One day last week, I was thinking about the love of God, and it just hit me how incredible the love of God is. I hate to say this, but it’s easy for me to forget about God’s love. If we don’t fix our minds on the love of God, it is easy to take it for granted.
“We need to hear the gospel every day
because every day we forget the gospel.”Martin Luther
The gospel is the quintessential picture of God’s love. It’s easy after salvation to “move on” to other things in the Christian life, but everything flows out of God’s love in the gospel.
“For God so loved the world, that he gave his only Son, that whoever believes in him should not perish but have eternal life.” (John 3:16 ESV).
“For one will scarcely die for a righteous person—though perhaps for a good person one would dare even to die— 8 but God shows his love for us in that while we were still sinners, Christ died for us.” (Romans 5:7-8 ESV).
Recently I’ve been reading through a set of sermons by Charles Spurgeon called Majesty in Misery; every sermon deals with an aspect of the last week of Jesus’ life. In addition, I have been listening to sermons by John MacArthur on the gospel, and it has shaken me to my core. I have been in church since childhood, but when I read one of Spurgeon’s sermons or listen to John Macarthur, another aspect of the love of God is revealed, and it’s almost like being born-again, again.
The love of God is so vast and powerful and life-changing that we can study for a lifetime, we can pray and commune with the Lord for a lifetime and still not see the fullness of God’s love in the gospel. The enemy has tricked us into thinking the gospel is just for those who need to be born again, but the gospel is for Christians. The gospel is what saves us, and it sanctifies us. Jesus prayed in John 17:17, “sanctify them through your truth, your word is truth.”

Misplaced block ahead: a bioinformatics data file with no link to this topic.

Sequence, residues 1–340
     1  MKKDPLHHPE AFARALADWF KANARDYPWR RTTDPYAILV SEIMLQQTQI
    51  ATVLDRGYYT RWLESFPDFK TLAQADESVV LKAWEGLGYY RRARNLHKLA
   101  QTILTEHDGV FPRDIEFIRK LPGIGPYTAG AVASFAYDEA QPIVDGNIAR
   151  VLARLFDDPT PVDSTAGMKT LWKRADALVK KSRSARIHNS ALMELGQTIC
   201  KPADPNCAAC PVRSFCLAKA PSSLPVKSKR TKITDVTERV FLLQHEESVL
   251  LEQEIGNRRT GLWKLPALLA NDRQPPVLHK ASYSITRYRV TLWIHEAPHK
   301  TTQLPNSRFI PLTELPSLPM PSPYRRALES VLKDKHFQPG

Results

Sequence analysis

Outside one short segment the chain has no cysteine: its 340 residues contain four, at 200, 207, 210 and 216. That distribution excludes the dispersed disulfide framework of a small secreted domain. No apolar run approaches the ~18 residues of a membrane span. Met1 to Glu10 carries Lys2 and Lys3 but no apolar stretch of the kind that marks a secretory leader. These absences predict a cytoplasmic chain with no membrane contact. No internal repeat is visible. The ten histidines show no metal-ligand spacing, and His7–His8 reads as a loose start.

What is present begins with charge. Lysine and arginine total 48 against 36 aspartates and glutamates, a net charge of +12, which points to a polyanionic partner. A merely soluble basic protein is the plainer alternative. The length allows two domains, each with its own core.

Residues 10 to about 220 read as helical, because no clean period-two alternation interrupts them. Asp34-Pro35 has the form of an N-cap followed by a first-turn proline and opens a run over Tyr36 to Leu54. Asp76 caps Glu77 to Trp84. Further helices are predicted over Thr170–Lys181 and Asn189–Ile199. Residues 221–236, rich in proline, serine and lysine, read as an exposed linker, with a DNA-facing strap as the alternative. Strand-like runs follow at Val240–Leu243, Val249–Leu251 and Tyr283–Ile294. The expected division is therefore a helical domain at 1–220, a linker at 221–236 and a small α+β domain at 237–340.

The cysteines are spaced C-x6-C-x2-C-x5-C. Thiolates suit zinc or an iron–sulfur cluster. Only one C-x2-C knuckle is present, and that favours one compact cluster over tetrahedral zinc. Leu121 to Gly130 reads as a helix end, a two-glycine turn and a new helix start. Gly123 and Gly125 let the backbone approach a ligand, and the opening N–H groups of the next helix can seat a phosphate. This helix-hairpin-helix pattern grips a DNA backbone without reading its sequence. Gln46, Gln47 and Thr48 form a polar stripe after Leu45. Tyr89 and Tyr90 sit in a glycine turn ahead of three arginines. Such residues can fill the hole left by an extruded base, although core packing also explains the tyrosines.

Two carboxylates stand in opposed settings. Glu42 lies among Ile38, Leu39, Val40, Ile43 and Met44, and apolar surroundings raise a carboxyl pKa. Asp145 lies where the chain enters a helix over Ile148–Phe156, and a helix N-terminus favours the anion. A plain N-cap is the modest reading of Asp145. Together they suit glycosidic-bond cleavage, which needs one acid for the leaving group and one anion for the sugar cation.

Allow the gospel to be at the forefront of your studies. Don’t just think about Christ’s death and resurrection during Easter; think about it often. Study Jesus’ last week in light of the Passover. Read the Exodus from Egypt and see Jesus in it.
Romans 8:31-37 ESV “What then shall we say to these things? If God is for us, who can be against us? 32 He who did not spare his own Son but gave him up for us all, how will he not also with him graciously give us all things? 33 Who shall bring any charge against God’s elect? It is God who justifies. 34 Who is to condemn? Christ Jesus is the one who died—more than that, who was raised—who is at the right hand of God, who indeed is interceding for us. 35 Who shall separate us from the love of Christ? Shall tribulation, or distress, or persecution, or famine, or nakedness, or danger, or sword? 36 As it is written, “For your sake, we are being killed all the day long; we are regarded as sheep to be slaughtered.” 37 No, in all these things we are more than conquerors through him who loved us.”
The love of God is discovered, received, and known in its fullness in the gospel of Jesus Christ, The Messiah. The gospel is the Word of God; the Word of God was made flesh and tabernacled among us. Jesus is the picture of God’s love. Think on that love often; read something from the gospels every day. We read in Revelation 2:3-4 ESV, “I know you are enduring patiently and bearing up for my name’s sake, and you have not grown weary. 4 But I have this against you, that you have abandoned the love you had at first.” Don’t forget your first love. If you have forgotten what it was like to walk with Jesus, if your Christian life has become routine and lacks the passion it once did, reread the gospels, pray as David did, restore unto me the joy of my salvation.
Let the Word of God sanctify you; let it ignite a passion in you once again. When you’re getting to know someone, you talk with them, you ask about their life. We know Jesus by reading the gospels. We know his “past,” if you will, by discovering Him in the Old Testament. You can find your joy again; you can return to the love you had when you first believed, go back to the stories, read them with fresh eyes, and be renewed.
Books on The Gospel